I wanted to write a review of two movie adaptations of Persuasion, my favourite Jane Austen book, for a long time but never got to it. Perhaps I wanted to write perfect posts to show my love but didn’t wish to repeat myself. Maybe I just had to realise I should do a comparison post. So here it is, broken down into several categories for easer reading. 😀
Summary of the story
Eight years earlier, Anne Elliot, the daughter of a financially troubled aristocratic family, was persuaded to break off her engagement to Frederick Wentworth, a young seaman, who, though promising, had poor family connections. When her father rents out the family estate to Admiral Croft, Anne is thrown into company with Frederick, because his sister is Mrs. Croft. Frederick is now a rich and successful Captain, and a highly eligible bachelor. Whom will he marry? One of Anne’s young in-laws? Or will he and Anne rekindle the old flame? (imdb)
Level of faithfulness to the book
The 1995 Persuasion is very faithful to the book, especially in the way major events and relationships are handled. Anne’s friendships from her time in school and how Lady Russell influences her life is highlighted, which is a good thing since both continue to be pivotal to her life. Anne’s personal growth and gradual disentanglement from her family’s influence is handled with greater attention to detail without inflating screen time. I like how she stands up to their expectations in a very non-forceful way. She has this quiet dignity that they mistake for meekness. But Anne has learned to heed her own mind, even though she has her doubts and insecurities. I also feel the movie sets us more clearly into the time period and atmosphere of 1810’s than the 2007 version. It is the ultimate adaptation and many sing it praises for a good reason.
2007 Persuasion is more lyric and modern in style, focusing on Anne and her troubled relationship with Captain Wentworth. Even though it is broken into two parts with longer overall screen time, the more lyrical approach to the story makes it move at a slower pace in some parts. But I like the way they focus on Wentworth’s friendships and life in short scenes – the story is compressed due to the longer contemplative scenes, but the main points are there. Even though they aren’t as faithful to the book, the changes aren’t jarring; rather, they are an organic mutation of the plot. But there will be some scenes where you’ll raise your eyebrows a little at the way characters behave – running or kissing in public isn’t something a lady would do in that time as far as we can judge from biographies and other literature. Just saying, for those who put great stock in being historically accurate, there will be a few modern elements involved. Still, I prefer to watch this version when I need a pick up. The soundtrack, intimate close-ups narrated by Anne, and panoramic scenes give it a more cinematic feel than the 1995 version. Colours just pop. The mood swells and calms down. It is a far more intimate portrayal of Anne’s inner life; her emotions are here for us to see whereas 1995 Anne is more subdued and controlled. I’ve been corrupted by other movies and prefer the more emotional version of the story.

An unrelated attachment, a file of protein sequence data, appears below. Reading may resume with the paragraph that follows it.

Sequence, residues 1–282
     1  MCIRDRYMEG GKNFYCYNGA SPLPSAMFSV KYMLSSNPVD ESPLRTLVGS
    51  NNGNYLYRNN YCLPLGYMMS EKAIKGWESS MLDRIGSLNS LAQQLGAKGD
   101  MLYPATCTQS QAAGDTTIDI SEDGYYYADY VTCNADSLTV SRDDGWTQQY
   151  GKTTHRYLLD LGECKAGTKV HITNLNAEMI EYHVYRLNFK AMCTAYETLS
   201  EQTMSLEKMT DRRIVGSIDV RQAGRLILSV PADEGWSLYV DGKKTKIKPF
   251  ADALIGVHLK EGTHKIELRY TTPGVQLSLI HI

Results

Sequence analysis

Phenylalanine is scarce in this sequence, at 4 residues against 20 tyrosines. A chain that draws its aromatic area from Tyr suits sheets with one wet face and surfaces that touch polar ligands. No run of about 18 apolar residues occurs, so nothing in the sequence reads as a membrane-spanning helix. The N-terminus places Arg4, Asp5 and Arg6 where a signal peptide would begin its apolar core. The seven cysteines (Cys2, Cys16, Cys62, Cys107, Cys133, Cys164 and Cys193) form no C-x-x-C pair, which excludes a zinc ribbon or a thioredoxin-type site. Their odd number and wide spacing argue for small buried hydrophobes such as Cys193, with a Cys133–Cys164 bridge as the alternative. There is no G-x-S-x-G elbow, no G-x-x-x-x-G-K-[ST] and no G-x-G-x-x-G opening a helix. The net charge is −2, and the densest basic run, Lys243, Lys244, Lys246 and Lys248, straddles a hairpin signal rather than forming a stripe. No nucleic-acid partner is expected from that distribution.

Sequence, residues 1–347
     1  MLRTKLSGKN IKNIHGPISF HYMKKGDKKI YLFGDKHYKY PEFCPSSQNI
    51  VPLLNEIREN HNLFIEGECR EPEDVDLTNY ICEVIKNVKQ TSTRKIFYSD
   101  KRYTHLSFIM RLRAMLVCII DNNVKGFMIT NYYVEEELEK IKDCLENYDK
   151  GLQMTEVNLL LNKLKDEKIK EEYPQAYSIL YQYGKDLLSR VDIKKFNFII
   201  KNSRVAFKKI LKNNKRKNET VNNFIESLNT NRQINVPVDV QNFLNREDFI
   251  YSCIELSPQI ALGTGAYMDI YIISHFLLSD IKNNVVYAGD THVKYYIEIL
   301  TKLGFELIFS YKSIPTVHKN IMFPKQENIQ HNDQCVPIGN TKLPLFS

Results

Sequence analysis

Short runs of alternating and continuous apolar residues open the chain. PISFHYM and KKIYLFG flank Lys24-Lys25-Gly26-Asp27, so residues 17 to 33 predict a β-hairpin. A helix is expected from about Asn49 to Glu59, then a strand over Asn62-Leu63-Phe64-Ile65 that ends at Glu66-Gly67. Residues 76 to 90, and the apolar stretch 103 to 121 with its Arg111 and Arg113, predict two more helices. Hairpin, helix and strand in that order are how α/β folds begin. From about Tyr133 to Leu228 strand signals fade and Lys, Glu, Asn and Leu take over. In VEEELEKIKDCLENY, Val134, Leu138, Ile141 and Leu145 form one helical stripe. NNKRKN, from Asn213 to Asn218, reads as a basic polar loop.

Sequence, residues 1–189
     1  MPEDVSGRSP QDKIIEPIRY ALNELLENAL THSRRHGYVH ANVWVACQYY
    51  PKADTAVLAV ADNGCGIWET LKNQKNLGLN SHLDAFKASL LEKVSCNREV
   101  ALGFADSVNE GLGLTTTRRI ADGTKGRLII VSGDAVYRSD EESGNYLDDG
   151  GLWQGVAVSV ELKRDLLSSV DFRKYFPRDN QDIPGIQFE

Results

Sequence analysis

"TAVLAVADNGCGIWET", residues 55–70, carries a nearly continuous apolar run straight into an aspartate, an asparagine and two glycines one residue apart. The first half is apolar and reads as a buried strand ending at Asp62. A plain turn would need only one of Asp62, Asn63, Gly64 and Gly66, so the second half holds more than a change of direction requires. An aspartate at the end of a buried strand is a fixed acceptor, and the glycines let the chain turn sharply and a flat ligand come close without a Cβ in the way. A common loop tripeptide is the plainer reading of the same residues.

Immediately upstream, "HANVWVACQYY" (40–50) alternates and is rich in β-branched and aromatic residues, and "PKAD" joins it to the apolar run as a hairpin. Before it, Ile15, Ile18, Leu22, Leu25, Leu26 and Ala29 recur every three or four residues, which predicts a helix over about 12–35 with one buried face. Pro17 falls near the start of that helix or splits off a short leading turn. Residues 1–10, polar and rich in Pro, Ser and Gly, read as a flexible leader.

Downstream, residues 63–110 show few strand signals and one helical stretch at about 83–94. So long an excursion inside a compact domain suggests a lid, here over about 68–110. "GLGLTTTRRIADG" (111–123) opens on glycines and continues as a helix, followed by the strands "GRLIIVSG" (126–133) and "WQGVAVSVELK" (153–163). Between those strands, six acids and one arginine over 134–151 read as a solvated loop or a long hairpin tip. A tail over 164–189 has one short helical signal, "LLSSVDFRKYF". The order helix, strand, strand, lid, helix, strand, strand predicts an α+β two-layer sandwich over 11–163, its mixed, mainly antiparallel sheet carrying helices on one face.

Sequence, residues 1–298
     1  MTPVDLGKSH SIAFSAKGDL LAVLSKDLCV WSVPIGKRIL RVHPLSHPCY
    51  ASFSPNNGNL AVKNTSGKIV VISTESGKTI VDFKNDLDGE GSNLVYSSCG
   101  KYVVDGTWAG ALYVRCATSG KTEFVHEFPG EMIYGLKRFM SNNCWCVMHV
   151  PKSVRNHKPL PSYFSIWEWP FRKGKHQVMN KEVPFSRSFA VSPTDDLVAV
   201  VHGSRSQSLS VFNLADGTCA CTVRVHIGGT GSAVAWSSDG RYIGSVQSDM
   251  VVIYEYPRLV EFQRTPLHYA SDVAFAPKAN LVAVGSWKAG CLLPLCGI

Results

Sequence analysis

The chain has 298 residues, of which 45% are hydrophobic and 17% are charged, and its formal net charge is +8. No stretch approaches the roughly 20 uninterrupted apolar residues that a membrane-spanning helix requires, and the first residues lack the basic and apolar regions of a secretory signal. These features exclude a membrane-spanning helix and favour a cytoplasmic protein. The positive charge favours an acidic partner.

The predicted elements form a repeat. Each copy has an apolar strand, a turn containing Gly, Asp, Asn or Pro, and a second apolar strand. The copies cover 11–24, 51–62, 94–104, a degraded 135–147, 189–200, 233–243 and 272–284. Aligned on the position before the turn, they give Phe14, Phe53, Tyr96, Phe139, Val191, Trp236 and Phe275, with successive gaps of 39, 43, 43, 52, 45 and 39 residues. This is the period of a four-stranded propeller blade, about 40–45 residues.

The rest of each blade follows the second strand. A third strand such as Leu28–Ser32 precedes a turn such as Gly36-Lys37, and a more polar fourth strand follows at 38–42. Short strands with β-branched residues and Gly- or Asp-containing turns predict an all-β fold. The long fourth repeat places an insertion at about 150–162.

The 1995 movie features Ciarán Hinds (Captain Wentworth) and Amanda Root (Anne Elliot) as our star-crossed lovers. I like them and their acting very much, but they aren’t as overtly romantic as the 2007 couple. Their acting is more subdued, complying with historical mannerism and conventions. They appear significantly older than the age they are in the book, but I don’t mind that much. Both are very good actors so their performance here is superb.
The 2007 couple seems to fit the age of book characters better. They sell the romance 100%. Sally Hawkins is forever my Anne Elliot (just as Jennifer Ehle is my Elizabeth Bennett, and Colin Firth Mr. Darcy). Some actors make these roles their own. As for a Captain Wentworth (Rupert Penry-Jones), I like him but he’s not my ideal Captain. For some reason I imagine him as a dark-haired man, a little weathered from fighting and sailing in the south. Rupert is great in the role but he doesn’t sell it as well as Ciarán Hinds. So I’d switch the pairs and let them do their magic. 🙂